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Sherlock Holmes Married

From The Arthur Conan Doyle Encyclopedia

'Sherlock Holmes' Married is an article published in The Leeds Mercury on 19 september 1907, the day after the marriage between Arthur Conan Doyle and Jean Leckie.


'Sherlock Holmes' Married

The Leeds Mercury
(19 september 1907, p. 4)
MARRIAGE OF SIR A. CONAN DOYLE. Sir Arthur Conan Doyle, the well-known novelist and inventor of "Sherlock Holmes," and his bride leaving St. Margaret's, Westminster, yesterday, after the wedding ceremony.

'SHERLOCK HOLMES' MARRIED.

Quiet Wedding at Westminster.

BEAUTIFUL DRESSES.

So well was the secret kept that not a dozen people outside the bridal party knew that the wedding of Sir Arthur Conan Doyle, the creator of "Sherlock Holmes," to Miss Jean Leckie, daughter of Mr. and Mrs. James Leckie, of Blackheath, was arranged to take place at a quarter to two o'clock yesterday afternoon, at St. Margaret's Church, Westminster.

Every precaution was taken to prevent the name of the church leaking out, for Sir Arthur and his bride wished to escape the attentions of the large army of sight-seers who would have turned up' at the church to see "Sherlock Holmes" wedded had they but known the time and place.

As it was, the wedding was a very quiet affair, and only the near relations and a few friends were present. The church was decorated with white flowers and tall palms, and the service was fully choral.

The ceremony was performed by the bridegroom's brother-in-law, the Rev. Cyril Angell, of St. Augustine's Church, Victoria Park, and Capt. Hay Doyle, R.A., the bride-groom's younger brother, acted as best man. Waiting at the north door were the two bridesmaids, Miss Lily Loder-Symonds and Miss Leslie Rose, with the little page, Master Branford Angell, aged five, a nephew of the bridegroom. He was dressed in a white satin Court suit, while the brides-maids wore picturesque frocks of soft white silk veiled in net, pale blue sashes, and large blue and white hats.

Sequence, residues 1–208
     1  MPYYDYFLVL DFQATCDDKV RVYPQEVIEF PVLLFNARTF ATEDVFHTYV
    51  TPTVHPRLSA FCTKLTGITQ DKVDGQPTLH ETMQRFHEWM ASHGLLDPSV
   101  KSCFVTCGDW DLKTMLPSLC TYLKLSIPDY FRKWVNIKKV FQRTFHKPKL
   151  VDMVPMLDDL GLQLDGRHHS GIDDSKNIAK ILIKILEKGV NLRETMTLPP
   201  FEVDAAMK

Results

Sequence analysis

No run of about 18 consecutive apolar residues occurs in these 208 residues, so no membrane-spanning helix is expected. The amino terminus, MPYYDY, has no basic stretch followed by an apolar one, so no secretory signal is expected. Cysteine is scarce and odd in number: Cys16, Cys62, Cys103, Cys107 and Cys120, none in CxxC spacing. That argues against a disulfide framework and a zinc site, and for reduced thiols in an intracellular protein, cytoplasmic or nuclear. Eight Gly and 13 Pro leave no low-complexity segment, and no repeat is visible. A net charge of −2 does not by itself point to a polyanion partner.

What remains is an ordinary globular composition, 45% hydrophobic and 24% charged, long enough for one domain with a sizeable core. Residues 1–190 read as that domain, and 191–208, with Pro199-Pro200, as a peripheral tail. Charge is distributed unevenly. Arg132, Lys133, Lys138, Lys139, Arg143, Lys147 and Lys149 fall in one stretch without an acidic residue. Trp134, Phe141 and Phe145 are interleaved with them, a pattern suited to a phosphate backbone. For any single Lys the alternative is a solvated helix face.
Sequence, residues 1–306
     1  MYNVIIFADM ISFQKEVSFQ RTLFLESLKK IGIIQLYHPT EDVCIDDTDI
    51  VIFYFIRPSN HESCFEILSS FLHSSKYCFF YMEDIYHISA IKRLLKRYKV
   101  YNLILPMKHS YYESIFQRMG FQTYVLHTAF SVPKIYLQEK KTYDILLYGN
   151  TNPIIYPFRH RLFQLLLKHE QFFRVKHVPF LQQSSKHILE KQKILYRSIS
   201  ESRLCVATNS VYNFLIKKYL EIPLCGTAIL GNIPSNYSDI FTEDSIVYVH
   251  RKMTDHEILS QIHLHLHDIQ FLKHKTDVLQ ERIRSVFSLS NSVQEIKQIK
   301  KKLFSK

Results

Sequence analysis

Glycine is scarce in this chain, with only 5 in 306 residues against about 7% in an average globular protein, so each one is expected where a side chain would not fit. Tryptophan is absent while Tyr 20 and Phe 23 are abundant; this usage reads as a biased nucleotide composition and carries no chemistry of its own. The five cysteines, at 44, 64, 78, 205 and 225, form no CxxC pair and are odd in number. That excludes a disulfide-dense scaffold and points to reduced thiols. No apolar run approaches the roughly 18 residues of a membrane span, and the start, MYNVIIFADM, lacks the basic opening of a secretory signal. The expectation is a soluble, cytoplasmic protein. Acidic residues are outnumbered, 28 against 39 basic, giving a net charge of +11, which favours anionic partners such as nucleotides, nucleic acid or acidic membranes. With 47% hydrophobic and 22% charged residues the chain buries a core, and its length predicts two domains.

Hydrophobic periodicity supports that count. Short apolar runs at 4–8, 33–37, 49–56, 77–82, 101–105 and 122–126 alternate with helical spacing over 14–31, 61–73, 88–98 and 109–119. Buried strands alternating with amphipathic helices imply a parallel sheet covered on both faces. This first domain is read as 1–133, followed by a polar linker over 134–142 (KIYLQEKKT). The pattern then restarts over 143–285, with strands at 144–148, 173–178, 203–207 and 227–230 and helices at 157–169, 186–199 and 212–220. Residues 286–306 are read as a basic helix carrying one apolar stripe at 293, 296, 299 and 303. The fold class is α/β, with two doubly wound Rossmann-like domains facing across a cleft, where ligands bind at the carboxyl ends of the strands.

Mr. Leckie gave his daughter away, and very pretty she looked in her lovely wedding robe.

The ceremony over and the register signed, Sir Arthur and his bride drove to the Whitehall Rooms, Hotel Metropole, where the reception was held, at which over 250 guests were present, and later Sir Arthur and Lady Conan Doyle left for a Continental honeymoon tour.

A large number of valuable wedding presents were bestowed upon the happy couple. Sir Arthur gave his bride a superb diamond tiara, and his bride gave him a gold watch.

Then from the bride's parents there was a grand piano, a diamond pendant, and a clock for the bridegroom's study, and from Mrs. Doyle (the bridegroom's mother) a quantity of old lace and antique Sheffield plate.

The bride's wedding dress was worked out in creamy blonde silk lace of gossamer quality, the design of trails of roses and buds, with their attendant foliage, being sewn with seed pearls of graduated size, while the bodice was folded into V-shaped form over a vest of silver lace, softened with chiffon and outlined with a chain of large pearls, the moonlight gleam of which makes a charming frame to the silver dentelle. A large pure white chiffon rose, from which depended a shower of buds and tassels, and which was supplemented with loops of pearls, was tucked into the front of the corsage, while the fulness of the bodice was gathered int, a deep swathed belt of embroidered silk, which fitted snugly round the waist. Bands of silver lace and foamy frills of chiffon provided a finish to the little puffed sleeves, which were partially hidden under frills of lace, while the skirt of glistening blonde lace, softened with chiffon, fell in soft folds round the figure, the only additional note of decoration consisting of touches of pearl embroidery introduced here and there to bring the pattern into relief.

The crux of this fairylike structure consisted, however, in the train, which was slung from each shoulder and caught with huge rosettes of chiffon, from which fell clusters of pendant boules. The centre of the train was almost transparent, being composed of white silk gauze powdered with silver sequins and mounted over net, with lines of pearls forming a species of "Milky Way" across it at regular intervals. This was bordered with bands of heavy embroidered lace, caged with festoons of chiffon caught up with twisted ropes of pearls, the only hint of solidity being a wide hem of thick brocade, which in its turn was softened with bouillonnées of chiffon and sewn with pearls. A mammoth tree lover's knot of chiffon, with a clump of orange blossom and foliage, filled up the left-hand corner of the train, a cloudy tulle veil and coronet of orange blossom completing the effect.




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